Jan 14, 2021
Survey: 2020 Gardening Boost Led by Younger Homeowners

Despite the ongoing coronavirus pandemic, younger homeowners brought a big business boost to garden centers during the spring and summer of 2020. All signs point to this age group continuing their interest in gardening this year.

These are the findings of the latest Axiom 2021 Gardening Insights Survey that took a look at how their experience stacked up against gardeners over 40.

While the majority of gardeners over 40 made the same number of visits to garden centers in 2020, younger gardeners say they visited more. For age groups 19-28 and 29-39, 57 percent said they visited garden centers more. They also spent more time in the garden in 2020 than their older counterparts.

For the 19-28 year old group, nearly 64 percent said they spent more time gardening in 2020. Just over 71 percent of those age 29-39 said they spent more time gardening in 2020. The majority of 40+ gardeners said they spent about the same in the garden.

This younger group felt very confident in their 2020 gardening activities. For those 19-28, nearly 90 percent said they felt successful or very successful with their 2020 garden.

For the 29-39 age group, that number jumps to 92%. The feeling of success is reflected in their plans for 2021. More than half of 19-28 year olds said they plan to plant more and expand their gardens in 2021. For those 29-39, 67 percent will be planting more than they did last spring.

“Younger gardeners are hooked, now we just need to make sure they stay interested,” says Kathleen Hennessy of Minneapolis-based Axiom Marketing. “Our survey offered some insight on their interests and how they get their information. For example, they share the older group’s passion for growing flowers and veggies, but indoor plants are more important to younger gardeners.”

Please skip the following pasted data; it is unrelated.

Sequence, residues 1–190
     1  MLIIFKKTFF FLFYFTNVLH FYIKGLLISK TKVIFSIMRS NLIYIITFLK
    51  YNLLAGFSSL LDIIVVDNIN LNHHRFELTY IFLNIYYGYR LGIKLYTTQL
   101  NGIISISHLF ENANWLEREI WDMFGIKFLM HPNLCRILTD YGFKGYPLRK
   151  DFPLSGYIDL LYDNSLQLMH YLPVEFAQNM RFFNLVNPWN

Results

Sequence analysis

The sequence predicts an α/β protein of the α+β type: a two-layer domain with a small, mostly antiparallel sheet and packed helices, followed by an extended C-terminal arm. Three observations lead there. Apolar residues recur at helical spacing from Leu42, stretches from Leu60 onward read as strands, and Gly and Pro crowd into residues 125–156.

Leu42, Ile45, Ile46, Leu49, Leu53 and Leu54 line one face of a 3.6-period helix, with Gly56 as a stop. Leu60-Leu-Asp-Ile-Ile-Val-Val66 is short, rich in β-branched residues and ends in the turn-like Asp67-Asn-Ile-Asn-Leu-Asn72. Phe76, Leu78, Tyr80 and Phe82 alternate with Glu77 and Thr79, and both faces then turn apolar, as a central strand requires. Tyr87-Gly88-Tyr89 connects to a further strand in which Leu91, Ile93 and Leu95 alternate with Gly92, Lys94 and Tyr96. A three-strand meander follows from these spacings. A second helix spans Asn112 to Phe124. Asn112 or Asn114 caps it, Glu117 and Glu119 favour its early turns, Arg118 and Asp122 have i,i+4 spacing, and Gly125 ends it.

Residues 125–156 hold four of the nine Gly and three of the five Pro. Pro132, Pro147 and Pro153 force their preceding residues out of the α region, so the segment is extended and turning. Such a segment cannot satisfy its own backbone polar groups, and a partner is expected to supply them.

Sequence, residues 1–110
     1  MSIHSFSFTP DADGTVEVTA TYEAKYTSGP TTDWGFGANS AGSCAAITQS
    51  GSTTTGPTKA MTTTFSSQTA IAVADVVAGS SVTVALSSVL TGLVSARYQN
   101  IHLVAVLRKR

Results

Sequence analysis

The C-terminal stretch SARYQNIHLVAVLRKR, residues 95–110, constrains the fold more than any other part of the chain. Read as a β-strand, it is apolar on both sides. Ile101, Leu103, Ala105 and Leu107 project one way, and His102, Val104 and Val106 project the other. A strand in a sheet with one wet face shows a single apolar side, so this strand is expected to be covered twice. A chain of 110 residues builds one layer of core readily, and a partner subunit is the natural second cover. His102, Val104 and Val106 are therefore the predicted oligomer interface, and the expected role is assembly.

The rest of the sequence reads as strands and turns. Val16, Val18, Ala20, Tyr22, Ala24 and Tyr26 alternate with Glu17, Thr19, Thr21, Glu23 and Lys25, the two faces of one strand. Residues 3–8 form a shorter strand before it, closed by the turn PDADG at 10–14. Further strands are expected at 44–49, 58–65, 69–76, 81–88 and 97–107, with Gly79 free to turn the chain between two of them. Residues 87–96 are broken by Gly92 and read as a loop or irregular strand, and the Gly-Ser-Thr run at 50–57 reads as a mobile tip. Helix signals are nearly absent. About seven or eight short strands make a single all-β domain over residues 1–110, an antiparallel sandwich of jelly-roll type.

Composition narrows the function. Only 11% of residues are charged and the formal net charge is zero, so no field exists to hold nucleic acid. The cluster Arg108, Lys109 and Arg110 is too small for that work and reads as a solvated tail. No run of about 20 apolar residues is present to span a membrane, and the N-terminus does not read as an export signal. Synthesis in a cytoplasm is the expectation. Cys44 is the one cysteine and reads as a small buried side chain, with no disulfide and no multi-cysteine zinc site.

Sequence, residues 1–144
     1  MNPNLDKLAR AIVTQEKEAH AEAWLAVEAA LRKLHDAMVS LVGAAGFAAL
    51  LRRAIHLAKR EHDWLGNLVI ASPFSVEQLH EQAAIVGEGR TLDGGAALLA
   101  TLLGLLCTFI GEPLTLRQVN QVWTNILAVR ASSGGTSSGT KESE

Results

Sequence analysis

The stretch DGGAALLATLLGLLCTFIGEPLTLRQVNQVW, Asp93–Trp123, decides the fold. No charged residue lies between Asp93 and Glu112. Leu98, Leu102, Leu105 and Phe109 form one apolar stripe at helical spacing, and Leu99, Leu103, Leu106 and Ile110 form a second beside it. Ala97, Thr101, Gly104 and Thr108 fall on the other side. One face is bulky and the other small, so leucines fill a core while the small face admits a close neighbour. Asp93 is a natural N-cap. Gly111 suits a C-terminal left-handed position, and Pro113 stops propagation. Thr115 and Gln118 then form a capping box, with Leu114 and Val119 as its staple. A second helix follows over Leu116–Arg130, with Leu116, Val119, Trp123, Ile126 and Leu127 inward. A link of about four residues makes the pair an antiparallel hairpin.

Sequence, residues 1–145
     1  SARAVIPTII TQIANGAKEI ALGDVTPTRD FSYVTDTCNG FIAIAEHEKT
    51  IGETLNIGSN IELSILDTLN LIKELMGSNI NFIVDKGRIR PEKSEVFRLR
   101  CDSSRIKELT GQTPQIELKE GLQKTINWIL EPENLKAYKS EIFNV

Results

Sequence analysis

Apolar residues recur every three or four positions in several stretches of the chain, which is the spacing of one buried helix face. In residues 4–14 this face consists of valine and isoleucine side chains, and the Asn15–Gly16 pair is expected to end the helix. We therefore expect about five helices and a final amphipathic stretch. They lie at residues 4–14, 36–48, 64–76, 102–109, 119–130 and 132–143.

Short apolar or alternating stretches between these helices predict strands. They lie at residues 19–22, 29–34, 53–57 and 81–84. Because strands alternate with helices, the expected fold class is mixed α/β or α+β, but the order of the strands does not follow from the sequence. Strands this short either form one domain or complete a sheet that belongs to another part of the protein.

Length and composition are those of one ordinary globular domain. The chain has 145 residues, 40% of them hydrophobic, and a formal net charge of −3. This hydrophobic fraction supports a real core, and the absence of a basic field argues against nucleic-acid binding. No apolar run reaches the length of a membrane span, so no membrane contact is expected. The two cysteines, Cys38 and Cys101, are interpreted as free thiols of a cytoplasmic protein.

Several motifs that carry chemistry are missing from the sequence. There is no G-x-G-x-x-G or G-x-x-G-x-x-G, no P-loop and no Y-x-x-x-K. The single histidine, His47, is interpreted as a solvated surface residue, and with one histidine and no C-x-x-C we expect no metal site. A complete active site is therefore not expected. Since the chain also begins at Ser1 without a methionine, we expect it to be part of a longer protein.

Younger gardeners are far more likely to have plants in their workspace. For those age 19-28, nearly 65 percent have plants in their workspace, either at home or in an actual office building. For the 29-39 age group, that number jumps to 71 percent. Less than half of those age 40-55 have plants in their workspace.

Not surprisingly the younger groups said they would like to receive marketing messages via text. For those 19-28, more than 70 percent said maybe or yes. For the 29-39 group, nearly 72 percent said maybe or yes. Older gardeners overwhelmingly said they do not want to be contacted by text.

“This type of one-to-one communication with the younger gardener is a big opportunity,” adds Hennessy. “It’s a great way to build a community and grow your business.”

For more information on the Axiom 2021 Gardening Survey visit:  https://bit.ly/Axiom2021GardeningSurvey

 


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GPN recognizes 40 industry professionals under the age of 40 who are helping to determine the future of the horticulture industry. These individuals are today’s movers and shakers who are already setting the pace for tomorrow.
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Alex Kantor
Liz Hughes
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Lauren Kirchner
Michelle Opela
Judson LeCompte

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